Student teacher Carmel Debel wants to inspire other First Nations people to teach

Inspiring First Nations people to become teachers is a major ambition of strong and proud First Nations woman and teaching student, Carmel Debel.

Carmel is completing her final year of a teaching degree as part of the Faculty of Education’s ‘Away from Base’ program at Australian Catholic University (ACU).

ACU’s Away from Base program supports First Nations students from regional and remote areas of Australia to study, literally away from their base, for a Bachelor of Education (Primary).

More than 600 First Nations students have graduated from the program, with around 80 per cent of students successfully graduating. ACU’s Away from Base has an impressive 100 per cent employment rate.

Carmel, a Tjungundji woman of Old Mapoon and Kaurareg of Prince of Wales Island, said, “I was a student from the small town of Cairns, with no travel experience, so flying to Sydney to attend the university’s intensive residential was terrifying.”

“At first, I cried about catching a plane, bus and a train. My brother took a day of leave to hold my hand through this new learning curve, literally while I wept with dread. These days, I have matured so much and can now do this confidently, including ordering an uber.

“Learning with other First Nations people with similar backgrounds and understanding, helped me to feel more comfortable giving uni a shot. I never thought I had the intelligence for uni. With the assistance of a fantastic tutor, Anne Major, I sharpened my literacy and discovered how to write my learning in an academic format rather than my laidback layman's terms.”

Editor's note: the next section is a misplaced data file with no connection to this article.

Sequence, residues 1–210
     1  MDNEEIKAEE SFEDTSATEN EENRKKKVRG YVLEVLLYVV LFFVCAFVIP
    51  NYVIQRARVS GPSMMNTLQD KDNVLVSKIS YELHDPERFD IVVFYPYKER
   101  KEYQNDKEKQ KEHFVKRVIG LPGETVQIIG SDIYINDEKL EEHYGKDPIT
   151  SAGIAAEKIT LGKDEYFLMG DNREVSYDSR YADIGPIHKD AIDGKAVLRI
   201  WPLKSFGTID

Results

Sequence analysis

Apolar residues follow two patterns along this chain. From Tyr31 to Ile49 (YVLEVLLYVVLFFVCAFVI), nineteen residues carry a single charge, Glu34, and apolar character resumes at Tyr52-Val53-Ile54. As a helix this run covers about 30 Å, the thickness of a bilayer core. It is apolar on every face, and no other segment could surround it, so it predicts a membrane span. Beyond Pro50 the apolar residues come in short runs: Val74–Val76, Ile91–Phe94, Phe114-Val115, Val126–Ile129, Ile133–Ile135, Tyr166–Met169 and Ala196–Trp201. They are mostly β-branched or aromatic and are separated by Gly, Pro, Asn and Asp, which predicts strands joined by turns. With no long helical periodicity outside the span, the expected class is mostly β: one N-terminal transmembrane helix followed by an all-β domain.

ACU’s Away from Base program considers a First Nations perspective in all its programming and, when not impacted by the pandemic, has included corrobborees and smoking ceremonies, spiritual and leadership tours, NAIDOC activities and visits to a First Nations’ school in Redfern, Sydney. 

Carmel said, “Our children need to see our people within the educational system.”

“I have seen increasing numbers of First Nations student support officers, as well administrative staff and observed that First Nations students and their families feel more welcome and willing to participate because they see our mob in our schools.

“But it’s vital to have more First Nations teachers to collaborate and assist in making informed decisions and suggestions to ensure First Nations Indigenous perspectives and facilitation methods are in our classrooms.”

Recently on a practical teaching experience in a Cairns school, Carmel says she loves everything about her chosen profession.

“I love it when all students and families see I’m here because I want to be, and they start to trust in me,” Carmel said. “They trust in me enough to ask questions, get things wrong, explore further and learn, and show up day-in and day-out. And they can do so without feeling judged or like a burden.”

School wasn’t always such a welcoming place for Carmel. In 1990, when Carmel was in primary school, her mother took her and her brother to enrol in a school.

Carmel explained, “When I was in my early primary years, I presented to a school with my Mum and two brothers to enrol. But when the administration staff and principal saw our Mum was a First Nations woman, they mentioned their school did not take our kind and perhaps the next school in the next town may be a better fit.”

“I didn't understand why they didn't want me. This one encounter stirred up so much confusion and rejection. I want to be a teacher to support students in reaching their full potential. I hope to help students always feel welcome and comfortable in a fast-paced, sometimes overwhelming environment.

“Student learning is more achievable when children feel genuinely welcome, safe and comfortable.”

The ACU Away from Base Bachelor of Education (Primary) program is government-funded and involves studying via online learning combined with intensive residential blocks, twice a semester.

The program is supported by ACU’s higher education support unit, Yalbalinga, which is a Kamilaroi word, meaning ‘place of learning’. Tutorial support for students is offered in face-to-face, online or group tuition sessions, or a combination of delivery modes.


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